The Pinners, the Grammers and more in the Thumbs Up Era


Since the age of mechanical replication, arts and architecture have been diffused and divulged by the media. It’s no news that architecture is experienced directly, but more often shows its “material” status, through media. Almost 30 years ago Beatriz Colomina wrote on how architecture media can be seen as “a site of architecture production that parallels the construction site”.

Today architecture can be seen, discussed and experienced at a global scale by a ‘siteless’ population. Instagram counts more than 800 million active users and shares 95 million photos and videos daily whilst with 250 million Pinterest users share more than 175 billion pins generating a $15 Billion market value. This is without mentioning the infinity of other online platforms.

This kind of data cannot be compared to any hard-copy publication or magazine. Architecture has never been so open. Users distribute millions of images, spreading trends, popularizing places, and ultimately, influencing built and designed environments, or at least their fame. Yet, today’s image consumption and digital publication platforms, with their millions of followers and fast divulged, are under scrutiny for incrementing a superficial and “copycat” attitude. Every time we are posting something online, we are on the verge of plagiarism. Everything is immediate. The critical process of creation, representation, construction, selection and publication is rapidly being substituted by a phone click. However once again, Scott Brown and Venturi introduced the notion of a “photogenic Architecture”, (now called instagrammable), a mise-en-scenes, examining the ‘Duck’ buildings and the decorated sheds.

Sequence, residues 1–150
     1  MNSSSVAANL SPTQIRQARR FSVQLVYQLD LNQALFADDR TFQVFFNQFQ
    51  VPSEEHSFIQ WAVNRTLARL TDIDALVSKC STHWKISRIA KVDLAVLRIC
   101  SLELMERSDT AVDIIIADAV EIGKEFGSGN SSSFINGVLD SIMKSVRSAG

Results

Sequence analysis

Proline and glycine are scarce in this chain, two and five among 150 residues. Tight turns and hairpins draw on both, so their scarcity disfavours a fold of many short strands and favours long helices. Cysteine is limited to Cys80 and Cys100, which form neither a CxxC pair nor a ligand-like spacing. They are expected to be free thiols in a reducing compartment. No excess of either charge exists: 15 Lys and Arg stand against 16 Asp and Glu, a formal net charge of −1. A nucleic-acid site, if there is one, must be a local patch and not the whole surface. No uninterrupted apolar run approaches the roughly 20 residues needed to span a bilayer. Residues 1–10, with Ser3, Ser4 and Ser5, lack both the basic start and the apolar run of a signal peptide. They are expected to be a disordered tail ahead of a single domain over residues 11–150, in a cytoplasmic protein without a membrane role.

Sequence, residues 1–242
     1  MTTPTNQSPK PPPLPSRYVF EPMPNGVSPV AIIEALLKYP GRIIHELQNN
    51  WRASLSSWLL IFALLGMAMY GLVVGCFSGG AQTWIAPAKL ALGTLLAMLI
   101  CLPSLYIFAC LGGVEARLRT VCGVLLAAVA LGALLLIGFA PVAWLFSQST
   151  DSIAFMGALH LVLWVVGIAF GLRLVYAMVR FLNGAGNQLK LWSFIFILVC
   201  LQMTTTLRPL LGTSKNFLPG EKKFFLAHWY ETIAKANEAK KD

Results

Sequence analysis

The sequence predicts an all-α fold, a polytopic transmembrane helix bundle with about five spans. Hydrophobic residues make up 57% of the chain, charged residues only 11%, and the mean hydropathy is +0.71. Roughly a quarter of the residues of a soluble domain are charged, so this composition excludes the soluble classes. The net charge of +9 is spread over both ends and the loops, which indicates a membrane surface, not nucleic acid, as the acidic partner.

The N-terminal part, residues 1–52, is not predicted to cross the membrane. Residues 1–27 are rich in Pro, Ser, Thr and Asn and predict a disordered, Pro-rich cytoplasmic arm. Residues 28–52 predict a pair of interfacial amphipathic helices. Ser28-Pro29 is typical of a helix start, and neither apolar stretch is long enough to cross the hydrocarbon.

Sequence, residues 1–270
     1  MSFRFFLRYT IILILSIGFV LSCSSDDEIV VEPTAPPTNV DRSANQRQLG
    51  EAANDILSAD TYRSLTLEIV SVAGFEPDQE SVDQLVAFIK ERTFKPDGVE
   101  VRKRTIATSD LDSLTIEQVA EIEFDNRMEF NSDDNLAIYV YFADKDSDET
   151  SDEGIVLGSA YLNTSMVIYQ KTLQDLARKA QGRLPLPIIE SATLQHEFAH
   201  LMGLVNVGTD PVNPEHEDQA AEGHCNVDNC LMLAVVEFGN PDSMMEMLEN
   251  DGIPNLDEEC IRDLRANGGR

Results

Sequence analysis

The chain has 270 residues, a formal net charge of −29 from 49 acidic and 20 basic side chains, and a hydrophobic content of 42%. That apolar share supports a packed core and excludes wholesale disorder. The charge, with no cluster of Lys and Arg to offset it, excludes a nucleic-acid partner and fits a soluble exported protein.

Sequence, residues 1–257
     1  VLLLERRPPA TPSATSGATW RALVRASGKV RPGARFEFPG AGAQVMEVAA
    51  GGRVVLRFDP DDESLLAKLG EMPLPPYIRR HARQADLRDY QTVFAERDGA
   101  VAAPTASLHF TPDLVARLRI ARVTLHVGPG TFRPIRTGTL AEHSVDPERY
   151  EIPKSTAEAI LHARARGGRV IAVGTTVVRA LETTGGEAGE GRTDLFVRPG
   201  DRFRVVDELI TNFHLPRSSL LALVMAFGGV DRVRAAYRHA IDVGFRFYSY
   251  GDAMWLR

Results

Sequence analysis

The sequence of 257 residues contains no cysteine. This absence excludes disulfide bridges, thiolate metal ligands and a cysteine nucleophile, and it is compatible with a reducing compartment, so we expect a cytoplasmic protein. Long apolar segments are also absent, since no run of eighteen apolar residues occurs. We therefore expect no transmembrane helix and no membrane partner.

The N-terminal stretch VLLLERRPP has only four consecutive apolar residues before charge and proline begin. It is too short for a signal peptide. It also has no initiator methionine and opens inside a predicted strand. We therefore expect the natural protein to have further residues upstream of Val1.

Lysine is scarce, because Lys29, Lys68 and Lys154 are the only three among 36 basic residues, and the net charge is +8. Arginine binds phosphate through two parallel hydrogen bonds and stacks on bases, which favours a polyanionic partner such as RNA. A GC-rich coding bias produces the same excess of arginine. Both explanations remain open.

Digital platforms have changed their users, having access to unlimited information, has turned our generation lazy. Our memory chooses not to archive information that we know is readily available somewhere else making Google part of our cognitive tool set. This shift has also dramatically changed the where and the when we “read”. Users are usually looking scrolling while they are idle: queuing, in traffic jams, on the bus etc. With a low attention span we indulge in a culture of less text more images, fast news and quick access to ideas. However, the Digital has not only allowed us to become part of this quick dialogue by actions as liking, tagging, commenting, it has certainly made us a more “active” audience, maybe more superficial?

Digital media produces fluid identities rather than oppositional ones: audience and public, consumer and producers, voyeurs and citizen. Anyone can be anything online. In this context Digital media affords audiences for architecture that contest the structure put in place and main tend by traditional media. The private sphere of architecture is now publicly posted; its process, representation is quickly judged, or at least commented, by the online Agorà. Mistakes, intermediate phases, drafts and schemes are often and almost randomly pinned in boards without any reference. In the WWW where everybody can be anything and social hierarchy is twisted, everybody is an editor-in-chief who must be followed,

It is no coincidence that on the entrance to Pinterest’s San Francisco headquarters, a bright orange sign with white lettering reads: CREATIVITY IS JUST AROUND THE CORNER. It is however ironic that this creativity is limited to 500 boards and 200,000 Pins.

In the same way, however, the internet continues to give the opportunity to see and appreciate parts of the world that we can hardly access. Today each one of us is contemporarily – artist, writer, publisher, critic and public. The user becomes more and more active and manages to engage in the discussion. The Internet allows us to meet, to talk, to confront ourselves, for example, on the occasion of these architectural dialogues organized by KooZA / rch during MDW 2019.

This program of talks is held in conjunction with the exhibition ‘MICRO TOOLS: THE INVISIBLE SYNAPSE’ by KooZA / rch in collaboration with (ab) Normal at Alcova.

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